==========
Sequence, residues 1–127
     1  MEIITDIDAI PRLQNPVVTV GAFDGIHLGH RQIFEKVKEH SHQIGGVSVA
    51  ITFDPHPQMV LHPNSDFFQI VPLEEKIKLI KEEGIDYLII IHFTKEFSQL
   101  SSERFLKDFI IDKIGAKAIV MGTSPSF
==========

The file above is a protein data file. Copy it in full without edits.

Sequence, residues 1–127
     1  MEIITDIDAI PRLQNPVVTV GAFDGIHLGH RQIFEKVKEH SHQIGGVSVA
    51  ITFDPHPQMV LHPNSDFFQI VPLEEKIKLI KEEGIDYLII IHFTKEFSQL
   101  SSERFLKDFI IDKIGAKAIV MGTSPSF